Meet the New Drug on the Streets of Guangzhou: Khat, the “Arabian Tea”

Charles Liu , April 25, 2014 4:43pm

khat arabian tea drug illegal smuggling

The hottest drug on the streets of Guangzhou right has gotten a lot of attention from police, officials, media and parents. Called khat, or by its colloquial names “Arabian Tea” or “Bushman’s Tea“, police are warning the public that it is the equivalent to heroin and its euphoria high will last for two days.

An exhibit called “Reject Drugs, Cherish Life” in Yuexiu District gives the lowdown on the heinous drug that first infiltrated China’s last year through the criminal underground. The exhibit tells us the drug can be consumed by chewing upon the fresh leaves of the catha edulis plant, by drying its leaves and consuming it as a tea, or by grinding the dried leaves into a powder which is then dissolved into water for drinking.

The exhibit goes on to say khat is an extremely addictive drug that produces excitement and hallucinations in its user. Originally from Africa and the Arabian Peninsula, the drug has recently been classified as a nationally-prohibited drug in China that is quickly proliferating in part to its cheap street price: 500 yuan for 500 grams of fresh khat leaves, and 200 yuan for 500 grams of dried khat leaves.

The other reason that has helped spread this drug in China is that khat is so hard to detect. In its form as fresh cut leaves, khat has an appearance exactly like that of amaranth greens/Chinese spinach. In its dried form, khat looks just like the dried green tea leaves that every average Chinese drinks from a huge flask full of hot water every day.

An unidentified worker with the “Reject Drugs, Cherish Life” revealed the depravity of the khat drug ring that plagues Guangzhou through one given example:

“Last year, police uncovered a major khat smuggling ring and its users on Guangyuan Road. Throughout the building lived people of African nationality along with massive amounts of khat. There was an integrated chain of service and use between the drug dealers and users. And, police put an end to this drug hive.”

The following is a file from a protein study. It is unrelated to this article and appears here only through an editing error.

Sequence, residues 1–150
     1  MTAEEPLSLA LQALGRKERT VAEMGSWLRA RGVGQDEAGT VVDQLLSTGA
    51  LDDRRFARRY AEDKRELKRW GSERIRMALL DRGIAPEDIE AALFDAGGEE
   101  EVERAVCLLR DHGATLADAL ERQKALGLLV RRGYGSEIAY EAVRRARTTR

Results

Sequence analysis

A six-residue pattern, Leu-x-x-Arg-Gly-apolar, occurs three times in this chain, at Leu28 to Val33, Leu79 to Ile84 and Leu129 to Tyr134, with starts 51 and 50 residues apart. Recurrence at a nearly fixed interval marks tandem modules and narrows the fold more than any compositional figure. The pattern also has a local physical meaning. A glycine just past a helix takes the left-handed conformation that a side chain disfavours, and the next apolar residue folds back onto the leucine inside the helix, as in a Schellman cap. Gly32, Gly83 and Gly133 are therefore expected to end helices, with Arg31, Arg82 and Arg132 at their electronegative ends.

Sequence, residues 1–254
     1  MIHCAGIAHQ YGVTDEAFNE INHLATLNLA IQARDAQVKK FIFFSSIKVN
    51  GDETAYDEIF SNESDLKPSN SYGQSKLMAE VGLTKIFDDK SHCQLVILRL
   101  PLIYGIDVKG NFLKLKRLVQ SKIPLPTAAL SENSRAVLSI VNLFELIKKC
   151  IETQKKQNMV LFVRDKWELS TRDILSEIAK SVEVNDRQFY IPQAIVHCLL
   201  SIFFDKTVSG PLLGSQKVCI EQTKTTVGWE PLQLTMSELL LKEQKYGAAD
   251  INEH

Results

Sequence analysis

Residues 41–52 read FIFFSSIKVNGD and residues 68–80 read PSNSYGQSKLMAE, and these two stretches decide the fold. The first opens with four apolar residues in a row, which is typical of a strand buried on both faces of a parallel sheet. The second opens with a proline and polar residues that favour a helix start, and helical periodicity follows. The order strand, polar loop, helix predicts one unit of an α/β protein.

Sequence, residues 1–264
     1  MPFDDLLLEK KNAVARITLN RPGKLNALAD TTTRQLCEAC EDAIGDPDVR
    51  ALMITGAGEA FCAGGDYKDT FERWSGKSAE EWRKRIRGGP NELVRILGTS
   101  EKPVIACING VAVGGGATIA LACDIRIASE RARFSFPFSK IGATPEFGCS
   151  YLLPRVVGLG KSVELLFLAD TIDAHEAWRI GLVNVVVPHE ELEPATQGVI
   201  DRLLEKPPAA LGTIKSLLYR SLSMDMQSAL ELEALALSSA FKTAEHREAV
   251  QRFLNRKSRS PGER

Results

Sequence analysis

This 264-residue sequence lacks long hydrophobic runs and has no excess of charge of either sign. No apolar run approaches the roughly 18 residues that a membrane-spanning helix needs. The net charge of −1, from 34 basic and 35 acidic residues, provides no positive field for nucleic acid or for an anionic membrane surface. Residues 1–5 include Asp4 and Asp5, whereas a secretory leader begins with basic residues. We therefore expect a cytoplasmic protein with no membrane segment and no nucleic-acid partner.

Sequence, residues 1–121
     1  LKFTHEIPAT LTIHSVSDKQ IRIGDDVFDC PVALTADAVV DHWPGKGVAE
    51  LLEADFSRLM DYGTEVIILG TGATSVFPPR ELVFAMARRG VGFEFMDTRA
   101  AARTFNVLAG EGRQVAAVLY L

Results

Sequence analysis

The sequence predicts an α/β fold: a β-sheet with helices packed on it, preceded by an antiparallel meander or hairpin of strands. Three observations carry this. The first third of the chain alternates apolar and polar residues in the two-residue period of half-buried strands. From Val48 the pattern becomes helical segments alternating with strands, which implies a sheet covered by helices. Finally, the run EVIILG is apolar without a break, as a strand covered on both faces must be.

Community leaders are very concerned about khat’s effect upon the impressionable youth of China. An initiative to warn children about the dangers of khat called “The Little Red Bell” have been making the rounds in China. khat arabian tea drug illegal smuggling

The concern for the welfare of children intensified recently after police in Jiujiang, Jiangxi Province made a startling discovery on April 23. At a drug arrest at a hotel, police found khat packaged in 60 orange drink powder packages with cartoon packaging. The drug is said to dissolve in water, and taste and smell just the same as any other refreshing drink a child would have.

Well, it’s not Krokodil, but to Chinese, it might as well be.

Khat invites controversial opinions from different people. While the use of khat is considered a way of life for generations of people in Somalia, Ethiopia and Yemen, khat is considered a prohibited substance in countries such as the United States, and was only recently banned in the UK on July 2013. The global spread of khat has to do with the migrations of Africans that use it.

The World Health Organization does not consider khat to be seriously addictive, and has been likened by some “to be like coffee“. However, HuffPo alleges that every monetary aspect of the khat market supports the al-Shabaab terrorist group in Somalia.

Photo: Hexun, 10yan

Charles Liu

The Nanfang's Senior Editor